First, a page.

Some questions for the EIR might be…

    (1) What is the maximum retrofittable bike capacity of the EMU.

    (2) What specifically is the limiting factor for maximum retrofittable bike capacity. ADA, train design limitations, etc.

    (3) What are the costs associated with adjusting bike capacity and will these be budgeted.

    (4) Is the maximum bike capacity of the EMU in-line with the local area General Plan bike mode share goals.

    Similar questions could be asked about train station fully secure bike parking (bike stations). Don’t rely on others to ask these types of questions. Caltrain will typically try and wiggle out from providing real answers, but if enough people ask similar questions, it make it harder for them to do avoid the questions.

    Rather than everyone having to do their own research, it would be nice if SVBC would hold a letter writing party, maybe once the next EIR rev goes up for public comment, which should be soon. People could bring their laptops and they could review and discuss the issues, followed by lots of letter writing.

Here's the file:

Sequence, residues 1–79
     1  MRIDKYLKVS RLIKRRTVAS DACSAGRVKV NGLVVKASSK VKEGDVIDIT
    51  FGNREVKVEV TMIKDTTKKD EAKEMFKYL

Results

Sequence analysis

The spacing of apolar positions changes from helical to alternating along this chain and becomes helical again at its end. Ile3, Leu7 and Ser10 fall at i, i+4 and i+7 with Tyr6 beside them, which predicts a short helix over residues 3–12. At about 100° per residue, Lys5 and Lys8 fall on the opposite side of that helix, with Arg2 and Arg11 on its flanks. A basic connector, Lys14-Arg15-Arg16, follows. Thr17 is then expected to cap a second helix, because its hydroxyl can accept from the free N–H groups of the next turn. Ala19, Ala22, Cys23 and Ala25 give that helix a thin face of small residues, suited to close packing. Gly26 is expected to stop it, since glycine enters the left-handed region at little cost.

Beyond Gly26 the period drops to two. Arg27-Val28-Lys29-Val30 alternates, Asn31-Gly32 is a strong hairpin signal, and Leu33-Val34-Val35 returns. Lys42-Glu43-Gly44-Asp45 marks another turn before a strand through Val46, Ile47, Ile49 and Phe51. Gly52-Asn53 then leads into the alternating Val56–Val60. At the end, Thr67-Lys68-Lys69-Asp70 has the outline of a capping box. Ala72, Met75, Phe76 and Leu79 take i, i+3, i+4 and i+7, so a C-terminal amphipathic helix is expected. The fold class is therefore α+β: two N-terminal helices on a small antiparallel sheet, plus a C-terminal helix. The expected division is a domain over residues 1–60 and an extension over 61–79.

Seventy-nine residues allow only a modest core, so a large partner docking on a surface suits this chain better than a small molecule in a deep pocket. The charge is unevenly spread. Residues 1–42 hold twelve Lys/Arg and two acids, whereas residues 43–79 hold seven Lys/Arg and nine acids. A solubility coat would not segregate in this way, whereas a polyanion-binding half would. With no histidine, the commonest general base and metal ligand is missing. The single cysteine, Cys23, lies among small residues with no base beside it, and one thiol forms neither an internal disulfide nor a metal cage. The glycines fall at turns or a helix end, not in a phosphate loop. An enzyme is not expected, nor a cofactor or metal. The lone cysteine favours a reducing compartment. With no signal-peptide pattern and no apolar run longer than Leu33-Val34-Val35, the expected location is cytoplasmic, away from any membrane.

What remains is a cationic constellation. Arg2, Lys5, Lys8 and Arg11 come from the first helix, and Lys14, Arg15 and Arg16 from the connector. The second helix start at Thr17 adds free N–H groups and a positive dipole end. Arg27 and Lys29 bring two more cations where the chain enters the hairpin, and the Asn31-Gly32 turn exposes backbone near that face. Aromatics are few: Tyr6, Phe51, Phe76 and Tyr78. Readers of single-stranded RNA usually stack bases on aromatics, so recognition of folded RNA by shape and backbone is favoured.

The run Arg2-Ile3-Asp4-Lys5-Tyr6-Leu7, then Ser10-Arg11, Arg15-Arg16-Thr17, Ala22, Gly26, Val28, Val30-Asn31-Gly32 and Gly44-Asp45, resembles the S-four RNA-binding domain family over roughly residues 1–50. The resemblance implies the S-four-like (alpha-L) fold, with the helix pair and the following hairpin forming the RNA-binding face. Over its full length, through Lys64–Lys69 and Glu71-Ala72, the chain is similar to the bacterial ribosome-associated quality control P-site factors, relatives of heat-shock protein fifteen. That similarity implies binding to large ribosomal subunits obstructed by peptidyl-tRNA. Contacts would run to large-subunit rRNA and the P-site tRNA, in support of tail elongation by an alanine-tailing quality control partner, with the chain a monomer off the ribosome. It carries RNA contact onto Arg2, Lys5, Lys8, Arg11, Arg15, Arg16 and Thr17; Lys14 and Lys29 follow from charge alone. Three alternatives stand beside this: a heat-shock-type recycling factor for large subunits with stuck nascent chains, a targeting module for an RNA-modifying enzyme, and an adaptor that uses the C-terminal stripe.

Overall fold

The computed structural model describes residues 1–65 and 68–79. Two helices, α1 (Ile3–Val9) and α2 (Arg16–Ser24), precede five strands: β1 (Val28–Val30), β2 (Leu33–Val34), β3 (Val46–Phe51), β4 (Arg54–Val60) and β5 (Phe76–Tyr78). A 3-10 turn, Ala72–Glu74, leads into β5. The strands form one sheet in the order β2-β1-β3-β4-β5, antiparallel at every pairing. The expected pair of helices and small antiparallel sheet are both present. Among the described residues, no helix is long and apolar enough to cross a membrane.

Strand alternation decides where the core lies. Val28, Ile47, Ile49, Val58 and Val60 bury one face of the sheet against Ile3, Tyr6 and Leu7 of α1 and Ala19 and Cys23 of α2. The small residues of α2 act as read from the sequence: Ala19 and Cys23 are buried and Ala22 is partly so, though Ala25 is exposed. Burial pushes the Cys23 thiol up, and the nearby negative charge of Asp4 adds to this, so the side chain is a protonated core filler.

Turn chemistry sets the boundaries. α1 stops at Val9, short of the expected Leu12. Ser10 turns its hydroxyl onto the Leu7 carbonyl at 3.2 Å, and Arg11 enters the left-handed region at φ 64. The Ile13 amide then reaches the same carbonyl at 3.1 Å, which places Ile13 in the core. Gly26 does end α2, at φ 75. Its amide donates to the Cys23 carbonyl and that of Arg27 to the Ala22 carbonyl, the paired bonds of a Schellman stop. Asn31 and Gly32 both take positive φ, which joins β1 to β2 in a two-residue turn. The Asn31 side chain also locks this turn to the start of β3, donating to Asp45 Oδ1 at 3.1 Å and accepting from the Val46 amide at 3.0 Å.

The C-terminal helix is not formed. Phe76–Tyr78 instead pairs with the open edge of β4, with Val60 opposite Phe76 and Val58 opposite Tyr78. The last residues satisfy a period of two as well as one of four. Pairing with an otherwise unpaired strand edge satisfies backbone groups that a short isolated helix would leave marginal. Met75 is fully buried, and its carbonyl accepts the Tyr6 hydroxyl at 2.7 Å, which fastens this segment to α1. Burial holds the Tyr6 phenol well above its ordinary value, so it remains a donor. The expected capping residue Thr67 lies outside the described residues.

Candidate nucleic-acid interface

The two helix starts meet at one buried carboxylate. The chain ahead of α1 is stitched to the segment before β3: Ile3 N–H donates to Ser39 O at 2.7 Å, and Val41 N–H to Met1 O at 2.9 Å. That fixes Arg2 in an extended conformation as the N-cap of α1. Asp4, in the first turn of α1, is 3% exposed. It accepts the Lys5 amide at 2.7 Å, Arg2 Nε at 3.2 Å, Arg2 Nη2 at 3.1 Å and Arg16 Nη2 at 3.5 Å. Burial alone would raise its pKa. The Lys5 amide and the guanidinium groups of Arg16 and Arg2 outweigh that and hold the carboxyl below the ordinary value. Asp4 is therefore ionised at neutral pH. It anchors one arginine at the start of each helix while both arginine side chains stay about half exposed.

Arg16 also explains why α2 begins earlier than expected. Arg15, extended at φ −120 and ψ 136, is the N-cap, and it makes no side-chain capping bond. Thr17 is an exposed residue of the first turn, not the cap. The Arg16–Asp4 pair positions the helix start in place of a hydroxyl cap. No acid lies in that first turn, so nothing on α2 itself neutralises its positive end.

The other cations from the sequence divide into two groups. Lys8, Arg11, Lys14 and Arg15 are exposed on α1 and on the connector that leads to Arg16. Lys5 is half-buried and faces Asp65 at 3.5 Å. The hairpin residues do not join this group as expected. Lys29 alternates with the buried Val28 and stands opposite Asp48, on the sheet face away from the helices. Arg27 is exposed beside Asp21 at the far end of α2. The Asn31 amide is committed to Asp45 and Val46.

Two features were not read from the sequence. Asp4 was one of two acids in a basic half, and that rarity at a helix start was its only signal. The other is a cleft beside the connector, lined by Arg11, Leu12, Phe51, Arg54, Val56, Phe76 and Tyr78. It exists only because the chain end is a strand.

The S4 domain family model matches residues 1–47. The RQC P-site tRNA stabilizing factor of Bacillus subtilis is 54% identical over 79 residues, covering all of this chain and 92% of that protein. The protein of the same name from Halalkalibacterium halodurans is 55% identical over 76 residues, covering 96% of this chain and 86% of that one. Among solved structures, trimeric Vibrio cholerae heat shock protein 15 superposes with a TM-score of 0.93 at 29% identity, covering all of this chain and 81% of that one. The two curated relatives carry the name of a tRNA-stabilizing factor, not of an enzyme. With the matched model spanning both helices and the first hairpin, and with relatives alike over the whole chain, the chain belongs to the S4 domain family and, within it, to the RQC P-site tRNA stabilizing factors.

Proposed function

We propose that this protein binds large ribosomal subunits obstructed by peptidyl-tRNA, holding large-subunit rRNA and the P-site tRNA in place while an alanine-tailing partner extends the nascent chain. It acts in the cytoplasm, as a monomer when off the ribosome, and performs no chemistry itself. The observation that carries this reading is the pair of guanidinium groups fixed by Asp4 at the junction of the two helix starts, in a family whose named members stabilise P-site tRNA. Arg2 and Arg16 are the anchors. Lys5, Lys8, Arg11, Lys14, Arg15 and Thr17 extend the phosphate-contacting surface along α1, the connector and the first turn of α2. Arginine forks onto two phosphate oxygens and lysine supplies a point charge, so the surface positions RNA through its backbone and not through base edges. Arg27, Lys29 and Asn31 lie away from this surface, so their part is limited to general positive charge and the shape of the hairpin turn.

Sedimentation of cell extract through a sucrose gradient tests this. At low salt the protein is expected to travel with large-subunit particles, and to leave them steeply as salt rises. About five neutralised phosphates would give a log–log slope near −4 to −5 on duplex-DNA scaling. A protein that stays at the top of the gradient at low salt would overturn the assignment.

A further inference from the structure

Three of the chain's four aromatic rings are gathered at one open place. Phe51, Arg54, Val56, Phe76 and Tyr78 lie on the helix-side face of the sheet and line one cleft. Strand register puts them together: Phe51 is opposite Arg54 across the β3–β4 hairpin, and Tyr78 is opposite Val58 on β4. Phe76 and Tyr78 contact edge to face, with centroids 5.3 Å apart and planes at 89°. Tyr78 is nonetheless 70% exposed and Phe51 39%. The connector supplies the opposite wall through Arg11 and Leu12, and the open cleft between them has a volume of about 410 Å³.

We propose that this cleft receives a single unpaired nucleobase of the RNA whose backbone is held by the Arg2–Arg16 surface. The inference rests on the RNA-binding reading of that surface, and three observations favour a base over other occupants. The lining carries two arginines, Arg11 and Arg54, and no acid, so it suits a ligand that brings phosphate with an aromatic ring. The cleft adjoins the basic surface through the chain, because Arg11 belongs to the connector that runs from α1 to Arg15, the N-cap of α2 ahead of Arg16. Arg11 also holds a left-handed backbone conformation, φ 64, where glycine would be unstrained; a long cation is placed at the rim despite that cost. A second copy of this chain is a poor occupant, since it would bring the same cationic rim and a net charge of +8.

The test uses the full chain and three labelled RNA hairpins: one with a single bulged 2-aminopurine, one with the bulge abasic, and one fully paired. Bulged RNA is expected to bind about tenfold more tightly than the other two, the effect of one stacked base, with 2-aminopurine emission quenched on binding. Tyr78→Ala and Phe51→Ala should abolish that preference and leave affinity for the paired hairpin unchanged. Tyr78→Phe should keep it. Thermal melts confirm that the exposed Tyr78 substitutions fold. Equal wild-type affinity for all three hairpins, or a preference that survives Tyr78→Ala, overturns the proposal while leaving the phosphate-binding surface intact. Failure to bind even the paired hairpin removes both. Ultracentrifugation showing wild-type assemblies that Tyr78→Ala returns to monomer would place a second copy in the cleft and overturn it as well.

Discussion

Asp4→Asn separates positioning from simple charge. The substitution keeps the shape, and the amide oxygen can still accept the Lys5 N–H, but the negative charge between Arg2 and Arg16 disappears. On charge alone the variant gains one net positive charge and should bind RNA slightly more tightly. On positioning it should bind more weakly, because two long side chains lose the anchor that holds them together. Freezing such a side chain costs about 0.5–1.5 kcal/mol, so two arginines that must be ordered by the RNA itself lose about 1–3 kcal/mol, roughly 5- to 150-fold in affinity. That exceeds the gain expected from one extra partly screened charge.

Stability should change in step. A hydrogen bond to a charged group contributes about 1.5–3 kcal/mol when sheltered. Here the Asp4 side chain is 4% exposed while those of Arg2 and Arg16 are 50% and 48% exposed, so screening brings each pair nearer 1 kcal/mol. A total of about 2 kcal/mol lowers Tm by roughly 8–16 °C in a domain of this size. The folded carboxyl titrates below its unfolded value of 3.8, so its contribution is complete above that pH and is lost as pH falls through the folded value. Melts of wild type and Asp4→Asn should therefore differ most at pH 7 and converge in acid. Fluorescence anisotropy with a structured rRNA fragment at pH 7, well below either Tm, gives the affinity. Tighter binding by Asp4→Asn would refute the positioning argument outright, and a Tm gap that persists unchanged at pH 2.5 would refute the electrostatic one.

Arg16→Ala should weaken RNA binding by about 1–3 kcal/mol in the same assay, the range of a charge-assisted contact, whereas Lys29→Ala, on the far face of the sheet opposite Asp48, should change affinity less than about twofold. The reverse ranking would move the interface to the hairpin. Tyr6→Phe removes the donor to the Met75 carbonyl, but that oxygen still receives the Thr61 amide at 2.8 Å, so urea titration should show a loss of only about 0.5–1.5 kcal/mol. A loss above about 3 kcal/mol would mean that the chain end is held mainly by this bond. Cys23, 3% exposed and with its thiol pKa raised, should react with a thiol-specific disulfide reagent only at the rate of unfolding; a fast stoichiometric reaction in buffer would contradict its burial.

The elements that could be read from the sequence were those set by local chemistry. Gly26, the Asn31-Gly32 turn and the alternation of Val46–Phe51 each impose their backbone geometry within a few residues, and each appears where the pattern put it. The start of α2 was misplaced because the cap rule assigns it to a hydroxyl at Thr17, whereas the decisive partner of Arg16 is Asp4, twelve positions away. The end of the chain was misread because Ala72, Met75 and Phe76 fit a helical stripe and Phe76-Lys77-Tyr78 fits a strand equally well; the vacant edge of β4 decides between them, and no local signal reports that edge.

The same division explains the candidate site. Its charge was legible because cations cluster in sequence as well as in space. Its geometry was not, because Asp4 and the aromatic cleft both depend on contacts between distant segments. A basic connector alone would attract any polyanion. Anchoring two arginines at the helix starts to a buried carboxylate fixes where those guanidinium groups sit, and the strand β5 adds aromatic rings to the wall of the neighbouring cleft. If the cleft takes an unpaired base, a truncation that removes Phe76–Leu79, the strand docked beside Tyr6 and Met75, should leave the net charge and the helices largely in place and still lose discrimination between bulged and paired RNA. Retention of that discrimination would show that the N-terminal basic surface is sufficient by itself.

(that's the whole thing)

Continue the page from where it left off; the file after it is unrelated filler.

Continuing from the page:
5. There is a definite need for 1 or 2 cars with toilet facilities. We are talking an hour for a full run or longer. Also many, most, stations have no facilities for use.

    I would also like to see a second luggage car. This can also double for folding bikes instead of taking up a full bike space.

  6. A truly expanded bike share would no doubt help, but we are a LONG way away from it having anywhere near enough coverage down the Peninsula for it to be useful for a significant number of Caltrain bicyclists. There are no plans in the near future to expand bike share in the Peninsula to the levels needed to significantly reduce bikes on Caltrian, so to depend on this would be poor judgement on Caltrain’s part. Caltrain needs a solution for bikes-on-board for probably at least the next decade; there is no way around this.

    To me, the fix is easy: more cars on each train. Some stations will clearly have to have their platforms extended, but this cost is relatively small. Besides, one of the great things about trains (long recognized in the freight train world) is that they are easily customizable: just add as many cars on of whatever type as you like. Passenger rail like Caltrain needs to learn from this and add more cars if needed. You can then add more luggage cars as well. Caltrain should plan on being able to support 6 or even 7 cars per train.